That rain did damage a lot of my own Earli-magic and Methelys, not by cracking them but creating rot spots, but they are still holding a nice crop and ripening now. If I wasn't having so much fun with my early peaches and apricots I'd probably find a couple in the trees ready to eat- both the Meth and EM. I'll get to them this weekend.

I've been eating plenty of Methelys at clients orchards and none of them have the rot spots that mine have. All the rain has simply made them unusually large but has not reduced sugar. Plums don't seem to lose much brix to wet soil.

    Bookmark   July 19, 2013 at 5:14PM
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Hi! I have only European plums. I still had my Italian prune/plum split due to all of the heavy rains (only two plums split though). Only one had a brown spot of rot on the bottom. They are now beginning to ripen and turn to purple/blue. They seem to really like the heat in July and Aug. and are winter hardy. Very pretty too. I have five different varieties. Mrs. G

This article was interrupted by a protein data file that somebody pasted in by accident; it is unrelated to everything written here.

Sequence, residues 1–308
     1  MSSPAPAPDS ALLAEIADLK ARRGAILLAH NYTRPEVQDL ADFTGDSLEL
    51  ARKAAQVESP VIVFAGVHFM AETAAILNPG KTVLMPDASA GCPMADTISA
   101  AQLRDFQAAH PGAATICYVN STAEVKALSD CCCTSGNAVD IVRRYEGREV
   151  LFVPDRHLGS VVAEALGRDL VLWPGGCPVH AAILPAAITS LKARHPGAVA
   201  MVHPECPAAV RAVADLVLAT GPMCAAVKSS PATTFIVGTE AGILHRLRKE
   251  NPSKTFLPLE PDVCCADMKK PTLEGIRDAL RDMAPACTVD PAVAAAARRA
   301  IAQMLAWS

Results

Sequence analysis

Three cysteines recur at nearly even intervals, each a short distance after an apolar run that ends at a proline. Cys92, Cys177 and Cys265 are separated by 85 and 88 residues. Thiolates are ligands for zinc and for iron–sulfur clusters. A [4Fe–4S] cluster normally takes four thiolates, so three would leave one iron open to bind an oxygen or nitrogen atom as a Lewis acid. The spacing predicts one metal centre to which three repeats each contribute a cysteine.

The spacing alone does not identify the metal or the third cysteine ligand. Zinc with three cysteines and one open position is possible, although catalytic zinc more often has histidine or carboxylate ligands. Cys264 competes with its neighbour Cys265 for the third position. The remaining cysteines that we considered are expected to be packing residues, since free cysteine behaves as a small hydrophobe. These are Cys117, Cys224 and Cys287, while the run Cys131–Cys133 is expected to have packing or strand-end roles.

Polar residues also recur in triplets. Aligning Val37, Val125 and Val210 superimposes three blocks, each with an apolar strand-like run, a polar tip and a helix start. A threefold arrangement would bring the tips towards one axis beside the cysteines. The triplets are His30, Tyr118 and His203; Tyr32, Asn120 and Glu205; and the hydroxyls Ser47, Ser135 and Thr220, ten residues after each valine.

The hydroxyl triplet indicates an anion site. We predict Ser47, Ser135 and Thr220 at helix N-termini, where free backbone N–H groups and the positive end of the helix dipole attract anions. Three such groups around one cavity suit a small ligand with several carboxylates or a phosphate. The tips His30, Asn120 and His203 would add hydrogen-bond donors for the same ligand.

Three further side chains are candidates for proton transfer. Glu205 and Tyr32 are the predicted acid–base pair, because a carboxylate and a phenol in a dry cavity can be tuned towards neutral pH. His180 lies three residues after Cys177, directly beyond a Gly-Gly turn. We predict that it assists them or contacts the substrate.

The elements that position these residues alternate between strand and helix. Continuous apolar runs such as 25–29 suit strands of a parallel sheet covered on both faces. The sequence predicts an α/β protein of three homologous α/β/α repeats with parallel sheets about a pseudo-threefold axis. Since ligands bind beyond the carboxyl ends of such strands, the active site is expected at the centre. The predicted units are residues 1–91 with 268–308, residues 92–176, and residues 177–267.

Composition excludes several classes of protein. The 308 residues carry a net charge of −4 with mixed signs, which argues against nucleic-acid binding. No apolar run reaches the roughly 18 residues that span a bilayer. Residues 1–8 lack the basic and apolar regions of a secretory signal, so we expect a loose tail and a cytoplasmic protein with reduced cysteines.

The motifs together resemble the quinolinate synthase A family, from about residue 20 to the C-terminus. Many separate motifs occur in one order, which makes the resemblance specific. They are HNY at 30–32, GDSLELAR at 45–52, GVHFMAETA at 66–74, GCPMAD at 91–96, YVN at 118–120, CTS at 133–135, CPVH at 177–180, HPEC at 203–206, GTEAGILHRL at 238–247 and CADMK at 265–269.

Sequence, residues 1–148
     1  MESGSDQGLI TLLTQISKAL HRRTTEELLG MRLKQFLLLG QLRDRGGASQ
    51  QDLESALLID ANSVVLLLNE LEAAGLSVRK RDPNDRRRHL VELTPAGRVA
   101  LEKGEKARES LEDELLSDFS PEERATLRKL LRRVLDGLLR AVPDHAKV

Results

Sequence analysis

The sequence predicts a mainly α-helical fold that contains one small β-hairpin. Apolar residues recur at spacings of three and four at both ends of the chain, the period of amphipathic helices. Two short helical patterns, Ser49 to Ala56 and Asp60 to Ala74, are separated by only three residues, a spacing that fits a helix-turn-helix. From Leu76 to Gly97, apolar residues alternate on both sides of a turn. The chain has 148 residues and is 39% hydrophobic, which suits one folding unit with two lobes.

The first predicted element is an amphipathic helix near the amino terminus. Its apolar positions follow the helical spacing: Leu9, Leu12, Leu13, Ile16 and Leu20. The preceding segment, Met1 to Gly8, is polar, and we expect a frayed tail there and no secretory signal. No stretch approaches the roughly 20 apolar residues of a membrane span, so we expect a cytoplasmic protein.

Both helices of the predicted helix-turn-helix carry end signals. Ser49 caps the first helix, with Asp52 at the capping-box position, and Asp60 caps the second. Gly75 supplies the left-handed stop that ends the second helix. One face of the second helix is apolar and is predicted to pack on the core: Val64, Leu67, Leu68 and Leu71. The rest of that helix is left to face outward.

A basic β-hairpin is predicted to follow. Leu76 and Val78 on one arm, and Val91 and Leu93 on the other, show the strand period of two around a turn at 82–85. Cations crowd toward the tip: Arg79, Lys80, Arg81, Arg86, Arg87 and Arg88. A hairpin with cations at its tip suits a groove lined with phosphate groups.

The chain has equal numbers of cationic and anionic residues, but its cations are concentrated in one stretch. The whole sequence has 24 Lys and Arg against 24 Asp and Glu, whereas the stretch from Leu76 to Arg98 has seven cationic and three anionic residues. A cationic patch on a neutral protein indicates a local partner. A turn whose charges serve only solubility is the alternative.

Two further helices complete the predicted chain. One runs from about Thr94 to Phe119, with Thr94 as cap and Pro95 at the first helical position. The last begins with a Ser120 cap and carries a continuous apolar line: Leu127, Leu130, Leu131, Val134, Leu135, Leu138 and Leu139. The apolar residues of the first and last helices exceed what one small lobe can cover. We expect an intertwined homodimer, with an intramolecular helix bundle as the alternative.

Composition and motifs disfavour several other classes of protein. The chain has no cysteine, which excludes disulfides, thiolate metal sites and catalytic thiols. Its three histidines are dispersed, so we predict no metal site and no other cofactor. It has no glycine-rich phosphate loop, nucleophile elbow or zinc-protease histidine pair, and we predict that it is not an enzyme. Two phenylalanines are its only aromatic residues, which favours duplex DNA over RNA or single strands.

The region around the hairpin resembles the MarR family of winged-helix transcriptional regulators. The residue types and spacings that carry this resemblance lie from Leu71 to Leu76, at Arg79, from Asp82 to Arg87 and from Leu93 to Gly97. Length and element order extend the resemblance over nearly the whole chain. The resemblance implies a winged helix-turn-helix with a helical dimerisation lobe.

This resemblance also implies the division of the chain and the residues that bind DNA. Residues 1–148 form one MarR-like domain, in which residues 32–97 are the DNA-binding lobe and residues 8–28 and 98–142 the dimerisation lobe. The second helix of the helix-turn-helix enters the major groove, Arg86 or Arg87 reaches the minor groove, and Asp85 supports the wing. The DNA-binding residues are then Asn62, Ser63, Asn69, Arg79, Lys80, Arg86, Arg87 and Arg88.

Bookmark   July 19, 2013 at 5:36PM
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Seeing a lot of rot spots, but we haven't had much rain to speak of lately. I was blaming the whateveritwas pest, but now I'm seeing rot in fruits the pests never got to.

As the red-skinned plums get colored, it's harder to spot the rot spot. Shiro, at least, doesn't have that problem.

    Bookmark   July 19, 2013 at 7:04PM
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Scott F Smith(6B/7A MD)